Current law: A sale between a settlor and his “settlor trust” is not counted for income tax purposes even if the sale is recognized for all other purposes. Consequently, the capital gain is not recognized on any sale transaction between the grantor and the grantor trust (that is to say, the grantor is the only taxpayer involved in the transaction). Real estate planners have capitalized on this aspect of the law to structure sales techniques involving transferor trusts. Generally, for inheritance tax purposes, the value of the asset sold is ‘frozen’ at the time of the transaction (that is to say, the settlor receives consideration for an asset at its fair market value at the time of sale), and the appreciation of the asset after the sale passes to the settlor’s trust tax-free, as summarized below. above. The combination of the “freeze” and the grantor’s payment of income tax (as noted above) on the assets of the grantor’s trust results in a significant transfer of wealth from the grantor to the grantor’s trust.

Proposed law: According to the Chamber’s proposal, a sale between the grantor and the “presumed owner” of the grantor is equivalent to a sale between the grantor and a third party. Therefore, the licensor must recognize the capital gain on the sale.

III. Changes to valuation discounts

Current law: Generally, valuation haircuts (that is to say, for lack of market value and control) are available when a minority stake in a restricted company is transferred by way of gift or sale. For example, a taxpayer may donate a non-voting interest in a limited liability company or a limited partnership to a trust created for his descendants at a present value. The ability to use discounts results in the leverage effect of the gift tax exemption so that a taxpayer can transfer additional wealth. For example, suppose a taxpayer wishes to donate a non-voting minority stake in a business worth $ 10 million. Under applicable law, discounts may apply as follows:

Current law

Gross value:

10 million dollars

Discount (lack of market value):

($ 2 million)

Discount (lack of control):

($ 1 million)

Net value for gift tax purposes:

$ 7 million

Therefore, by applying the rebates, the taxpayer is able to transfer $ 10 million of wealth using only $ 7 million of his gift tax exemption. The taxpayer is able to apply the “savings” of $ 3 million to other transfers.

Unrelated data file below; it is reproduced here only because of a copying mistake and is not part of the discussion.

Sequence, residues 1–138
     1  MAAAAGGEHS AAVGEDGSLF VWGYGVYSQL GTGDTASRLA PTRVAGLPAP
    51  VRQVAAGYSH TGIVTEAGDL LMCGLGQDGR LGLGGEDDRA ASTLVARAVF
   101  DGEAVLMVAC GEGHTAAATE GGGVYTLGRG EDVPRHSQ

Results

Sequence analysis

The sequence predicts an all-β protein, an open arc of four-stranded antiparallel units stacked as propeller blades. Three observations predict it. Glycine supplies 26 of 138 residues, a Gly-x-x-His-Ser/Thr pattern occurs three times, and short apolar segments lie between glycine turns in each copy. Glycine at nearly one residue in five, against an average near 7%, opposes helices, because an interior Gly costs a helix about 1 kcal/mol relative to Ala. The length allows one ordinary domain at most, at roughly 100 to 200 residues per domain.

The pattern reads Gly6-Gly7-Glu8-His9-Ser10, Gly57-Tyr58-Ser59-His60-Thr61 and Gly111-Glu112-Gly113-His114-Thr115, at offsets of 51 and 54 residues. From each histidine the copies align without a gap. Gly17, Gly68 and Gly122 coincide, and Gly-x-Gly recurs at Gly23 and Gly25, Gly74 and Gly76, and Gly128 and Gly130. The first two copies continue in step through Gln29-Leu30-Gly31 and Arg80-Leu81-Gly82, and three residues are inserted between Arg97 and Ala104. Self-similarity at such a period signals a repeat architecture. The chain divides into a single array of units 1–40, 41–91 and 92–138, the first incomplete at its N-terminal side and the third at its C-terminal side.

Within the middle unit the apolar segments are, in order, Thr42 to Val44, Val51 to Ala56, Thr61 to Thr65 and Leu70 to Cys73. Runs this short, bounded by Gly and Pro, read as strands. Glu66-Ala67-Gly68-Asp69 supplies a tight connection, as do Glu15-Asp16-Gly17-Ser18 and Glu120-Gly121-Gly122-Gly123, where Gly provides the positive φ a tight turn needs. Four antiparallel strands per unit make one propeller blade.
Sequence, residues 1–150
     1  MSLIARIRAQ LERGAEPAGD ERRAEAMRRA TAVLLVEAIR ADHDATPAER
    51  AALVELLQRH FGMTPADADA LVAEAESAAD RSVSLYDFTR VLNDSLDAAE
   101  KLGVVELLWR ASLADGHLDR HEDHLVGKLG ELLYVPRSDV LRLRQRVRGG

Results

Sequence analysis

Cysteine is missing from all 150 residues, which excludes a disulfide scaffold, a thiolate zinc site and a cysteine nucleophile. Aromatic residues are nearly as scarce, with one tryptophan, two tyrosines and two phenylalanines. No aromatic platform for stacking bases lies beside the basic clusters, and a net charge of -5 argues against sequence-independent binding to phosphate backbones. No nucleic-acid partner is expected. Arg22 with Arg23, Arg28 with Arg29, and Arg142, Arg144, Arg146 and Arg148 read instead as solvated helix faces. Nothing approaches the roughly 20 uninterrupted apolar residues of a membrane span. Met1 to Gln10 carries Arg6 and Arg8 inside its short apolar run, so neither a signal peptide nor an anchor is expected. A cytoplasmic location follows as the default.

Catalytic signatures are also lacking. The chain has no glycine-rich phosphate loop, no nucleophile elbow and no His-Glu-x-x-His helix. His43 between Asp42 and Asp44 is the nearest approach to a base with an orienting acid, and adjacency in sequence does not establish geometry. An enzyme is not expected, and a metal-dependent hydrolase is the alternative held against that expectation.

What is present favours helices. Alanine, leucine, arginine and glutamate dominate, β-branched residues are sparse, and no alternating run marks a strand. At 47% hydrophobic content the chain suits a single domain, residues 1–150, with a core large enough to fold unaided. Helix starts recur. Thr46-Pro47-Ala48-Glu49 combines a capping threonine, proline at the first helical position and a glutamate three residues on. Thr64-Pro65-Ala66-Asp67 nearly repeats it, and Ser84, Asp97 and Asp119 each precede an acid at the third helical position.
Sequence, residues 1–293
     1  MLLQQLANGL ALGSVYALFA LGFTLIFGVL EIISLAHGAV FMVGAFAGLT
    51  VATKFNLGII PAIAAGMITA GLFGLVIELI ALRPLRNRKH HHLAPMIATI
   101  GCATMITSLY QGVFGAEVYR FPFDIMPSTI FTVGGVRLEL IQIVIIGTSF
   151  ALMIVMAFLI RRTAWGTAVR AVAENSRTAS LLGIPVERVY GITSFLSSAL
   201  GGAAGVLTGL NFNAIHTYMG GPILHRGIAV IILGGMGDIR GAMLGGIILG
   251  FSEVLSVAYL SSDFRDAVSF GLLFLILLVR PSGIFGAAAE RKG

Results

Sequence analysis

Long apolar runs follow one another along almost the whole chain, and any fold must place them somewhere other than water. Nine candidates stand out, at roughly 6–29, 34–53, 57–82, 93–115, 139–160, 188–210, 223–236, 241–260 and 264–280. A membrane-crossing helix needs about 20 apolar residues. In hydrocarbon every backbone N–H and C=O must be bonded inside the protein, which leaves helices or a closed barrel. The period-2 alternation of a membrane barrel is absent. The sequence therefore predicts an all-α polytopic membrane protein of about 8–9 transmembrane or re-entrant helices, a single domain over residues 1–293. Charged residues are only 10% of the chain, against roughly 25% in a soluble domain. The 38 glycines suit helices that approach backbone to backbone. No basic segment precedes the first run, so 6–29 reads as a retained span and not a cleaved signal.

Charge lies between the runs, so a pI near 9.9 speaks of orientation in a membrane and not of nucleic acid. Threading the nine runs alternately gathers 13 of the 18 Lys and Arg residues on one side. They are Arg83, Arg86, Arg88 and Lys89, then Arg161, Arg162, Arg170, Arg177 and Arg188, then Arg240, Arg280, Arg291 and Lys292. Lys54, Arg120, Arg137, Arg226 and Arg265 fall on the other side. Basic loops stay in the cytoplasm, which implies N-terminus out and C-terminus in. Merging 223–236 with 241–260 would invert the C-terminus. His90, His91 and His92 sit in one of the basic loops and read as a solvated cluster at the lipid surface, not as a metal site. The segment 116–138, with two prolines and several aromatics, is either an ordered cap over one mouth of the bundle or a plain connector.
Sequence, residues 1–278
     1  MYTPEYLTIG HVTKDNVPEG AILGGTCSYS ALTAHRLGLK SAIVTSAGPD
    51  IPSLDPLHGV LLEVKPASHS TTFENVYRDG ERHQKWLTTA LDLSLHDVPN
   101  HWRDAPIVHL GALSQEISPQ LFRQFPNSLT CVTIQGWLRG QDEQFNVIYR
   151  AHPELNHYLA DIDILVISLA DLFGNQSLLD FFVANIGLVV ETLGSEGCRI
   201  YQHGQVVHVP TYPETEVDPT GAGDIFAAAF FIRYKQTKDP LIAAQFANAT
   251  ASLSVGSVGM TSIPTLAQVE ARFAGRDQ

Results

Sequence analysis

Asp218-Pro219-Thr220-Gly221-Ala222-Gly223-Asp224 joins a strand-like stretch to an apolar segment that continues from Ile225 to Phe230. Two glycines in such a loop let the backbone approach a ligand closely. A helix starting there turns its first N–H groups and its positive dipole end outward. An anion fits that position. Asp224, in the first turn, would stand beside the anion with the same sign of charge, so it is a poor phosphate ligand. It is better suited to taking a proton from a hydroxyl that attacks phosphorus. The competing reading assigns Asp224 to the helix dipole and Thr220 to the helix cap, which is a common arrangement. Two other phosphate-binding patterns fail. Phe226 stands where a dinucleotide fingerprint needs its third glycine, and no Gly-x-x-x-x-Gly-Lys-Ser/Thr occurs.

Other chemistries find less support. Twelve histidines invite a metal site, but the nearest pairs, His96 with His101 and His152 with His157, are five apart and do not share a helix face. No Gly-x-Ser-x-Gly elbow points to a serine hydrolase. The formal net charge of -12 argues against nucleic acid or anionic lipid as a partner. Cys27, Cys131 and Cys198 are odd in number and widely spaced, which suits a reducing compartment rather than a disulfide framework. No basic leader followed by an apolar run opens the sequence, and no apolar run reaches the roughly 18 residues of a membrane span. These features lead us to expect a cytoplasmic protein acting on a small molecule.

Proposed law: Under the House proposal, the transfer of non-commercial assets would not benefit from a valuation discount for transfer tax purposes. Generally, passive assets held for the production of income and not used in the active conduct of a trade or business are considered non-trading assets. Common examples of passive assets include cash or cash equivalents; shares in a company or any other equity; profits or participation in the capital of an entity; proof of indebtedness; annuities; trademarks or copyrights that generate royalty income; basic products; collectibles or personal property.

If the proposal becomes law and the company in the example above was not actively engaged in a trade or business, the taxpayer cannot get the $ 3 million in savings and must instead make the donation. with an undiscounted value of $ 10 million. The new law would come into force once the law is enacted.

IV. High Income Individuals, Estates and Trusts Supplement

Current law: Irrevocable trusts that are not transferor trusts or simple trusts are taxed in compressed tax brackets on undistributed income. For example, in the 2021 tax brackets, a trust with income over $ 12,950 is taxed at the rate of 37%; whereas a single person is taxed at the 37 percent tax bracket if he or she has income of $ 523,601 or more.

Proposed law: Under the proposal, the top personal income tax rate is reduced from 37% to 39.6%. In addition, a complex non-grantor trust will achieve the highest tax rate if it has taxable income greater than $ 12,500. In addition, estates or trusts with income greater than $ 100,000 must pay an additional 3% tax on their “modified adjusted gross income” which is defined as adjusted gross income less any deductions (not taken into account in the determination of the adjusted gross income) authorized for the investment the interest. If enacted, the law would enter into force after December 31, 2021.


Congress may pass tax legislation that includes all of the above, a combination of the above, or none of the above. While we cannot predict with certainty what will happen to these proposals, we are implementing strategies to take advantage of current law. Most scheduling options may only be available if done before December 31, 2021. Therefore, doing nothing may hurt you.

[1] $ 11.7 million (current exemption amount) less $ 6.02 million (estimated amount of exemption)